There sure are a lot of energy drinks out there now days. I went to the shop recently and counted 17 different energy drinks. And this is probably only of fraction of the total number of energy drinks on the market today.
And just the sound of the titles of these energy drinks is enough to wake up the most lethargic person: Venom, Amp, Red Bull, Full Throttle, Rush, Shark, Piranha, Fuse, Hype, Back Mamba, and Atomic X, just to name a few.
There also appears to be lots of controversy nowadays about the health effects of energy drinks.
So, out of curiosity I recently did a bit of research on the ingredients contained in these energy drinks and their health consequences.
Energy Drink Ingredients
The ingredients within the different brands of energy drinks are many. The ingredients common to the majority of energy drinks are taurine, glucuronolactone, inositol, B vitamins, sugar, caffeine, carbonated water, natural flavors, and organic ingredients.
Taurine is a derivative of the sulfer-containing amino acid cysteine. Taurine is often found in infant milk formulas. Taurine helps carry minerals such as potassium, calcium, and magnesium throughout the cells. Additionally it is an antioxidant and is believed to steady irregular heartbeats.
Glucuronolactone is a naturally occurring carbohydrate produced by the human metabolic system. It is believed to improve memory and concentration. It can have stimulant and anti-depressant consequences.
Inositol is instrumental in how the brain uses serotonin, a chemical that’s the exact same that is boosted by the anti-depressant drugs prozac and zoloft.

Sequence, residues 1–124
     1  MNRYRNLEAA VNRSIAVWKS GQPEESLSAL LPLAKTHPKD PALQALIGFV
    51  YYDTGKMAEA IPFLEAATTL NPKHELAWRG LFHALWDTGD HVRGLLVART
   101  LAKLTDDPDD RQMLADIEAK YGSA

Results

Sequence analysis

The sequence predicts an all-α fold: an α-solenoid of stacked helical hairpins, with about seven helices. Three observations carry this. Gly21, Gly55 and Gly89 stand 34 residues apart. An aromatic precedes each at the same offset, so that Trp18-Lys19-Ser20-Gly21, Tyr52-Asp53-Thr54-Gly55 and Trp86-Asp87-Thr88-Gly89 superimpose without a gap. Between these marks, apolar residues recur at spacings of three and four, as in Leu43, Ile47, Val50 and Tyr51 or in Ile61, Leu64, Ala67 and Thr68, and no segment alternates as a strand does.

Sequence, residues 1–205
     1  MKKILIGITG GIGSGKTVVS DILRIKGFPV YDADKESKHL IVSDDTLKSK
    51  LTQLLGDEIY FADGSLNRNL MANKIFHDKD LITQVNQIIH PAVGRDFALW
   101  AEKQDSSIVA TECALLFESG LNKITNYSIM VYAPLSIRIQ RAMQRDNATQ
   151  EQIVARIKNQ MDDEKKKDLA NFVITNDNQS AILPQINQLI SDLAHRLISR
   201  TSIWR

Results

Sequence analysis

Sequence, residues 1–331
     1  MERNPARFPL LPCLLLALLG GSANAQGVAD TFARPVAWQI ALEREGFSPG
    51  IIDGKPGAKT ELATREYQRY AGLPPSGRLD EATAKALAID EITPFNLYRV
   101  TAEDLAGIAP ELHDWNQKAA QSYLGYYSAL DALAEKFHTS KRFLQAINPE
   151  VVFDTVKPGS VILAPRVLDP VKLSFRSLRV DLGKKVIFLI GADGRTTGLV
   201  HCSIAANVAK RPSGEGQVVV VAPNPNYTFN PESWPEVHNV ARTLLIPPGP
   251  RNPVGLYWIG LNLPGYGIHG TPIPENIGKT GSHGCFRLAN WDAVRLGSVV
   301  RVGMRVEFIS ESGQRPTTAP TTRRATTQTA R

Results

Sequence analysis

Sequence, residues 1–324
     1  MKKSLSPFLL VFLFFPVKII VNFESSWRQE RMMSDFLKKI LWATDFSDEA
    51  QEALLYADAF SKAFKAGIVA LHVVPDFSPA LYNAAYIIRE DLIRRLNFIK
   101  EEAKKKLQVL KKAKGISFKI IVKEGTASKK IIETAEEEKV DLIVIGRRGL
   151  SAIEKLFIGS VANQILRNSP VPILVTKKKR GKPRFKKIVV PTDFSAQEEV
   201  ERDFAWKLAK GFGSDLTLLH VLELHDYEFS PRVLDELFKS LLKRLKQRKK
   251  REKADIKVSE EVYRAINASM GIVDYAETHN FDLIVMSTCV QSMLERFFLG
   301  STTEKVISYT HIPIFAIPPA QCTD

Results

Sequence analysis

B vitamins are necessary for an assortment of things. Vitamin B-3 (niacin) metabolizes energy from fat and carbohydrates and can help the body utilize energy by releasing it from food. Vitamin B-5 (pantothenic acid) enhances mood and promotes energy.
Natural ingredients found in energy drinks include ginseng extract, L-carnitine, guarana extract, milk thistle extract, green tea extract, ginkgo biloba leaf extract, L-trosine, fruit juices, and citric acid. The amount of these natural ingredients varies among energy drinks, and is usually a proprietary blend.
An individual could do a Ph.D. dissertation on the ingredients in energy drinks. Because of time limitations, this report focuses on the ingredients which receive the most attention regarding health effects: caffeine and sugar.
Caffeine is found in many products (coffee, soda, chocolate, etc.) including energy drinks.
Caffeine doesn’t provide true energy. It injects adrenaline in your system, which provides you a temporary increase but leads to a feeling of fatigue after it wears off.